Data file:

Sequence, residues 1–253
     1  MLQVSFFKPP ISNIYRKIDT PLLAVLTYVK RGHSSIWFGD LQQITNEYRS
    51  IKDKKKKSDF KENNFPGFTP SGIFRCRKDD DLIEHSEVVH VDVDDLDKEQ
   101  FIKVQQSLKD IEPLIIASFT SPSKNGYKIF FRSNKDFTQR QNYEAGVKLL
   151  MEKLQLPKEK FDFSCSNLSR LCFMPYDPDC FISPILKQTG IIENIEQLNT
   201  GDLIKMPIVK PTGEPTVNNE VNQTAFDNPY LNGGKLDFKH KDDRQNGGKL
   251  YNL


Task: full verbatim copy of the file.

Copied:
Sequence, residues 1–253
     1  MLQVSFFKPP ISNIYRKIDT PLLAVLTYVK RGHSSIWFGD LQQITNEYRS
    51  IKDKKKKSDF KENNFPGFTP SGIFRCRKDD DLIEHSEVVH VDVDDLDKEQ
   101  FIKVQQSLKD IEPLIIASFT SPSKNGYKIF FRSNKDFTQR QNYEAGVKLL
   151  MEKLQLPKEK FDFSCSNLSR LCFMPYDPDC FISPILKQTG IIENIEQLNT
   201  GDLIKMPIVK PTGEPTVNNE VNQTAFDNPY LNGGKLDFKH KDDRQNGGKL
   251  YNL